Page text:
The Navy took another step toward its goal of filling 20% of all submarine jobs with women this week when leaders announced that female sailors who want to move into the community can now apply to do so year-round.
Female enlisted sailors can now apply to move into one of 11 non-nuclear ratings on a rolling basis. Enlisted women were previously limited to applying to serve on specific submarines during set application windows.
"We have eight submarine crews that are integrated [with female enlisted sailors]," said Lt. Cmdr. Adam Cole, a spokesman for the chief of naval personnel. "With that pool of enlisted female submariners already in place, we can now manage the community ... while continuing to integrate future crews."
The Navy will process applications as they're received for women in the rank of E-6 or below who want to train to serve on subs as yeomen, culinary specialists, logistics specialists, sonar technicians, fire control technicians, electronics technicians-navigation, electronics technician communications, information systems technicians, machinist’s mate-weapons, machinist’s mate-auxiliary or independent-duty corpsmen.
E-7s and E-8s can apply to be information systems technicians, logistics specialists, culinary specialists and yeomen.
"A key point here is that, with this change to an ongoing process, the sailor conversion process for the Submarine Force is now gender-neutral," Cole said. "... Enlisted community managers have been given guidance that a male enlisted submariner can replace a female enlisted submariner in a specific rating -- and vice versa -- as long as the enlisted community managers maintain the overall male-to-female ratio of the specific submarine."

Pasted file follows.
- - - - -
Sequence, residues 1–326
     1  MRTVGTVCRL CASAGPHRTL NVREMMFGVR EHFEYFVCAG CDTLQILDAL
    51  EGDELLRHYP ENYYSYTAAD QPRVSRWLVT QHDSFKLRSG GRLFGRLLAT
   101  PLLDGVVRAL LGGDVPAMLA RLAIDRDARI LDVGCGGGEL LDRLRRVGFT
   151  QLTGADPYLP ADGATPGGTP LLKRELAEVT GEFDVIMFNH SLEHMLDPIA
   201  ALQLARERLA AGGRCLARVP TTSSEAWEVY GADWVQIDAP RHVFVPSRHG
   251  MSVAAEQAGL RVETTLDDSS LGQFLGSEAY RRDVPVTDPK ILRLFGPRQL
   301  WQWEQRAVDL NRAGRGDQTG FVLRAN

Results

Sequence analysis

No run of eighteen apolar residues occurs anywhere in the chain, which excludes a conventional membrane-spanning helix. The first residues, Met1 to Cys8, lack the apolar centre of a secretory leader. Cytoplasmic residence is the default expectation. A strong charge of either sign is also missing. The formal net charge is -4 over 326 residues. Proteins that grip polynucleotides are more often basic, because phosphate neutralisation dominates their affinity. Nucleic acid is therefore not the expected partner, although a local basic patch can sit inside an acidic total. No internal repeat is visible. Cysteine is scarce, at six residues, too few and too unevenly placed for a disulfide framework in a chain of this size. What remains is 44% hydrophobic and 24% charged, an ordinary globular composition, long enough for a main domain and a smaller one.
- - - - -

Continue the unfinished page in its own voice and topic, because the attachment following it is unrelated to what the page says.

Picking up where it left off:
That ratio varies by boat. On Ohio-class subs, the goal is 32 women, of which 27 are E-6 and below. On Virginia-class subs, the number dips to 25 women, of which 20 are E-6 and below.
There are currently about 285 women serving on subs, of which nearly three-quarters are enlisted. Those numbers don't include female submariners finished with sea duty who are now serving at shore commands or are still in their initial training pipeline, Cole said.
Female enlisted sailors are assigned only to submarines that have women officers in place.
Enlisted women began serving on subs in 2015, and were previously given four set chances to apply to join the crews. Nuclear ratings are open to new enlistees, but female sailors currently serving in other ratings can apply to switch only into some non-nuclear jobs.
The move hasn't come without challenges. Last year, the commanding officer of the guided-missile submarine Florida's Gold Crew was relieved after leaders found he failed to address women's safety concerns when a "rape list" that ranked female crew members' looks surfaced. And in 2014, several female officers and midshipmen were recorded while they undressed on the ballistic-missile submarine Wyoming.
The Wyoming's blue and gold crews will be the next to accept female enlisted sailors in the spring of 2020, once the required berthing modifications are complete, Cole said.
Vice Adm. Chas Richard, commander of U.S. Submarine Forces, told Military.com in May the problems aboard the Florida were not indicative of a wider problem in the submarine community.
"I expect every submariner to treat one another with dignity and respect, and will hold our personnel accountable if they fall short of our standard," he said.
Sailors from all communities are eligible to apply for submarine service and are urged to do so sooner rather than later.
"Since available rating quotas will be filled as applications are processed, it is recommended that sailors submit applications as soon as possible," states Navy administrative message 159/19, which announced the changes.
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